Figure 32: World events and import oil prices in the United States, 1981- 1998;

Figure 33: Distribution of the Soviet export markets in 1981-1991, in %;

Figure 34: Share of individual Soviet republics in total exports in 1989- 1991, in %;

Figure 35: Soviet exports by republics in 1988, in % of net material prod- uct;

Figure 36: Number of farms and enterprises in the nonstate sector and people employed by them in the Soviet Union in 1991;

Figure 37: Average inflation in Russia in 1990-2006, in %;

Figure 38: The official exchange rate of 1 US dollar to Russian roubles, 1992-1997;

Figure 39: GDP growth vs. FDI inflow in % of GDP in Russia, Poland and Ukraine;

Figure 40: Share of the Russian public sector in total GDP, in %;

Figure 41: Stages of Soviet commercialization and Russian privatization;

Figure 42: The official exchange rate of 1 US dollar in Russian roubles*, 1998-2006;

Figure 43: Russia’s arms exports in 1992-2004, in constant 1990 US$;

Figure 44: Percentage of managers not comprehending the economic policies of the government in the last 3-4 months from 1992 until 2001;

Figure 45: Top 25 countries in the FDI Confidence Index*, 1998-2005;

Figure 46: General government budget balance in Russia in 1990-2006, in % of GDP;

Figure 47: Distribution of FDI in the federal subjects of Russia, in % of total;

Figure 48: Map of regional investment potential in Russia, November 2001;

Figure 49: Ranking of industries with the most potential for growth in Rus- sia in the period 2006-2008;

Figure 50: Dynamics of production industries in Russia, 1990 = 100; p. 73 Figure 51: Share of industries in total industrial production*, in %;

Figure 52: Crude oil and condensate production in Russia, ‘000 barrels per day;

Figure 53: Natural gas production in Russia, billion cubic metres per year;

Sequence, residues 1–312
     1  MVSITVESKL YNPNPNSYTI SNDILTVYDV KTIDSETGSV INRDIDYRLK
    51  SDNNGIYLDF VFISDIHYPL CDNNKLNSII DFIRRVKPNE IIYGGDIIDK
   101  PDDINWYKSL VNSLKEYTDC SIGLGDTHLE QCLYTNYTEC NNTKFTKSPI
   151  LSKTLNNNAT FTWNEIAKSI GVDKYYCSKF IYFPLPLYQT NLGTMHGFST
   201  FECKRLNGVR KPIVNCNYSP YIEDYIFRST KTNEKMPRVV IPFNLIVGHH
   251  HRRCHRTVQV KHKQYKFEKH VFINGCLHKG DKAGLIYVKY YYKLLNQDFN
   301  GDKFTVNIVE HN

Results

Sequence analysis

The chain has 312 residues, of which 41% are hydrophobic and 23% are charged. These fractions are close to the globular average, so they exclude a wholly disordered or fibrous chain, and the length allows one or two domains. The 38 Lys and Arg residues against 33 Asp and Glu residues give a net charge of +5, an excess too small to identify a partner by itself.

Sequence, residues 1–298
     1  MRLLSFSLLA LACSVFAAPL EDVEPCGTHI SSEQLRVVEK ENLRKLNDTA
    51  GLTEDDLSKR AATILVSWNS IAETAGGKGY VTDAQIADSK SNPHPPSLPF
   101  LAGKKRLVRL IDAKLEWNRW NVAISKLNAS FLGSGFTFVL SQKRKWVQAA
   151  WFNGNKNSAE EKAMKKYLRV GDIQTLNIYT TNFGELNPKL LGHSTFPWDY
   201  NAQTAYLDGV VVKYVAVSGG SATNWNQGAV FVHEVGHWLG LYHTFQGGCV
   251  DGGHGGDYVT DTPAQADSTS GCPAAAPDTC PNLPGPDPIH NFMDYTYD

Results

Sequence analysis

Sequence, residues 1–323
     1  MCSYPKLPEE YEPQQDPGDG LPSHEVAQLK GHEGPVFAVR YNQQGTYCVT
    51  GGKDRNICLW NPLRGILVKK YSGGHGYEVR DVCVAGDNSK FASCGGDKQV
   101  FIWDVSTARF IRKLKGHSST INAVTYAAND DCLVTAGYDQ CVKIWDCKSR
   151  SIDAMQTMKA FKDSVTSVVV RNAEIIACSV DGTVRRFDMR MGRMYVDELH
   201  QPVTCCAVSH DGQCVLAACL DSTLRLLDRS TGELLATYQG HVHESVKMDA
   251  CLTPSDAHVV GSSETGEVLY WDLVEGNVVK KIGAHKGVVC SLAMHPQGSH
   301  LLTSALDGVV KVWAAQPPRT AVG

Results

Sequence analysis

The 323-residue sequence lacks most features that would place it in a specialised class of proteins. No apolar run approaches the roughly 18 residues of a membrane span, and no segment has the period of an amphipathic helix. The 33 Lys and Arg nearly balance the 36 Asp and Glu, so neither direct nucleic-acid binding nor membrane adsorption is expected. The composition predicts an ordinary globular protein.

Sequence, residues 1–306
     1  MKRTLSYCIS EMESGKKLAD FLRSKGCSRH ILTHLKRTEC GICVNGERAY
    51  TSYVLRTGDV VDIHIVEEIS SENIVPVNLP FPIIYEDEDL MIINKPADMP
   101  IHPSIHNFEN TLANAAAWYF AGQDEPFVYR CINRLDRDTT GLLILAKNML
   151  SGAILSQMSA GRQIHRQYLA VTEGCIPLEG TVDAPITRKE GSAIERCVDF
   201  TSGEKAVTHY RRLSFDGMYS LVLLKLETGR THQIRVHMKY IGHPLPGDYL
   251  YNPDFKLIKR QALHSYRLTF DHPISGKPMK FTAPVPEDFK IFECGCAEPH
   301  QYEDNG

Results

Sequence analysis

Figure 54: Russia’s existing and planned gas pipelines to Central and Western Europe;

Figure 55: 10 countries with the largest oil and gas reserves at the end of 2005;

Figure 56: Oil and gas imports from Russia in 2003; p. 81 Figure 57: EU25 projected energy import dependency; p. 81 Figure 58: World’s largest exporters of steel;

Figure 59: Russia new car market value forecast in US$ billion, 2004- 2009;

Figure 60: Russia construction and engineering industry value forecast in US$ billion, 2004-2009;

Figure 61: The Moscow’s Federation Tower in comparison to some of the world’s tallest buildings;

Figure 63: Russia alcoholic drinks market segmentation in 2004, in % of the total value of US$ 17.2 billion;

Figure 64: 2006 market attractiveness of retail sectors in emerging mar- kets;

Figure 65: Russia insurance market value forecast in US$ billion, 2004- 2009;

Figure 66: Russian travel and tourism industry in comparison to other countries;

Figure 67: Distribution of international visitors to Russia by citizenship in 1995-2003, in ‘000;

Figure 68: International visitor arrivals to Russia, in ‘000;

Figure 69: Money an average international visitor spends in Russia, in US$;

Figure 70: Russia’s market share of world travel and tourism demand, in % of total;

Figure 71: Russia airlines industry value forecast in US$ billion, 2004- 2009;

Figure 72: Russia road and rail industry value forecast in US$ billion, 2004-2009;

Figure 73: Russia media industry value forecast in US$ billion, 2005-2010;

Figure 74: Russia media industry segmentation by value in 2005, in % of total;

Figure 75: Several of the top 40 countries for the most common remote services as of 2005;

Figure 76: Operating models expected to be used for offshoring in the coming years;

Figure 77: Political risk reduction strategies of 23 surveyed Dutch firms in 1996;

Figure 78: Ranking of cities according to popularity among European ex- patriates;

Figure 79: Ease of Doing Business Index for BRIC and other countries as of 2006;